Water molecules can exist as one of two isomers depending on how the spins of their two hydrogen atoms are oriented: ortho, where the spins are parallel and have a spin number of 1, and para, where the spins are antiparallel and have a spin number of 0. Scientists believe that any given molecule can transform from ortho- into para- spin states and vice versa, a process known as nuclear spin conversion.
"Currently, mechanisms for this conversion are not completely understood, nor how long it takes the molecules to transform from one spin isomer to the other," said
The answer was to use chemical reactions to open a hole in fullerene (C60, also known as a buckyball) spheres, inject water molecules and then close the "cages" to form a complex referred to as H2O@C60. "At the end of this synthetic preparation nicknamed 'molecular surgery,' we find that 70 to 90 percent of the cages are filled, giving us a significant quantity of water molecules to examine," Mamone said. "Because the [water] molecules are kept separated by the cages, there is a large rotational freedom that makes observation of the ortho and para isomers possible."
In their experiment, the researchers quickly cooled the individual H2O@C60 samples from 50 Kelvin (minus 223 degrees Celsius) to 5 K (minus 268 degrees Celsius) and then monitored their NMR signal every few minutes over several days.
"As the observed NMR signal is proportional to the amount of ortho-water in the sample [para-water with its spin number of 0 is "NMR silent"], we can track the percentages of ortho and para isomers at any time and any temperature," Mamone explained. "At 50 K, we find that 75 percent of the water molecules are ortho, while at 5 K, they become almost 100 percent para. Therefore, we know that after the quick temperature jump, equilibrium is restored by conversion from ortho to para-and we see that conversion in real time."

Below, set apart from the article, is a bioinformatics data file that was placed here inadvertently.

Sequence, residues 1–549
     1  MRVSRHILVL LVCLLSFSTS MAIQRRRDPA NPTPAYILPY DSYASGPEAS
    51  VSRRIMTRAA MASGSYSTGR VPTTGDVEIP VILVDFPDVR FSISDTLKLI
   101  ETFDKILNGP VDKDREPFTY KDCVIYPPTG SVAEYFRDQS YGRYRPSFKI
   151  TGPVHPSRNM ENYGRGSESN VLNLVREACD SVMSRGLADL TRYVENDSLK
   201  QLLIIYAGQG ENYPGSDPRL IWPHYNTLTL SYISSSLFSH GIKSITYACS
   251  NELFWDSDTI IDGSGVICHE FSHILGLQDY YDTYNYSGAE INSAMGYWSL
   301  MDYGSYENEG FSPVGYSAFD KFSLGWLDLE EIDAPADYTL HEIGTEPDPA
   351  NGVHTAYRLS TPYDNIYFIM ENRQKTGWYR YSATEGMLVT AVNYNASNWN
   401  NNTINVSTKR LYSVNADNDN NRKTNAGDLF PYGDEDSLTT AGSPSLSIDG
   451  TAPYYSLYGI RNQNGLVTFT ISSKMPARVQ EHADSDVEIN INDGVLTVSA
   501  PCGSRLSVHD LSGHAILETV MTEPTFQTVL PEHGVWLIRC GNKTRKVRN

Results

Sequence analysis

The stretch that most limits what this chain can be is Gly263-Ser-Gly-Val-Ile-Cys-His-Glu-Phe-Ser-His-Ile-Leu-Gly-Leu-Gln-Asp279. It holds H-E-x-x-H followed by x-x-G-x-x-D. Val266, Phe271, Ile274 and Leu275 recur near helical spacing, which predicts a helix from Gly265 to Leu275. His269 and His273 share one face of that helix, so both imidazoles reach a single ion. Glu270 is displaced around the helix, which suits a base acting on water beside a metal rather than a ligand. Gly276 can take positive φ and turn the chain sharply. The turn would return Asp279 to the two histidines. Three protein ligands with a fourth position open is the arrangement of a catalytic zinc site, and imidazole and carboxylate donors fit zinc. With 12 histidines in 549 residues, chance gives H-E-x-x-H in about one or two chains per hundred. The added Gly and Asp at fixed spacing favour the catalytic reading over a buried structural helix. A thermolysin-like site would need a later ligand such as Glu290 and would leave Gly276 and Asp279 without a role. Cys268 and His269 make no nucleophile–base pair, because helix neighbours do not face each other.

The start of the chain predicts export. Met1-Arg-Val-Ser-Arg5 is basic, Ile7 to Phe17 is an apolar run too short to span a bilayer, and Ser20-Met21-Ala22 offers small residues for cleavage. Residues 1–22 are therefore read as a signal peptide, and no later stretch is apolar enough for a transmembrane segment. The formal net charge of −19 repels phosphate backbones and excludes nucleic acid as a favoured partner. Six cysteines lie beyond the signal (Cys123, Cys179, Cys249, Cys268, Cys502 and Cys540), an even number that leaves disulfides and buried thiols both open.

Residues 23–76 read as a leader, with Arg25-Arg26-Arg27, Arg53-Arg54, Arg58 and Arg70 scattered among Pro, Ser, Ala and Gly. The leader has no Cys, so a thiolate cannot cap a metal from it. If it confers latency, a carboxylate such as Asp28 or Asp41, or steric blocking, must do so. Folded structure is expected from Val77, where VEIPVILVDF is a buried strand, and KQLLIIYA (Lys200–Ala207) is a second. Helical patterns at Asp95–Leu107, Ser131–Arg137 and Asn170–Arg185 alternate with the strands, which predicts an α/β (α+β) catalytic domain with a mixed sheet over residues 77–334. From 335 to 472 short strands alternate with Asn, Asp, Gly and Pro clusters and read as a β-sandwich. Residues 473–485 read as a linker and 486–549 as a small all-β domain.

A surprising outcome of the experiment was that the researchers observed a second-order rate law in the kinetics of the spin conversion which proves that pairs of molecules have to interact for conversion to occur. "Previous studies have speculated that other nuclear spins can cause conversion but we found this not to be the case for H2O@C60," Mamone said.
Next up, the research team plans to study the roles of isomer concentrations and temperature in the conversion process, the conversion of para-water to ortho ("back conversion"), how to detect single ortho- and para-water molecules on surfaces, and spin isomers in other fullerene-caged molecules.
In addition to the
Keywords for this news article include: Carbon, Buckyballs, Fullerenes, Nanotechnology, Emerging Technologies, Nuclear Magnetic Resonance,
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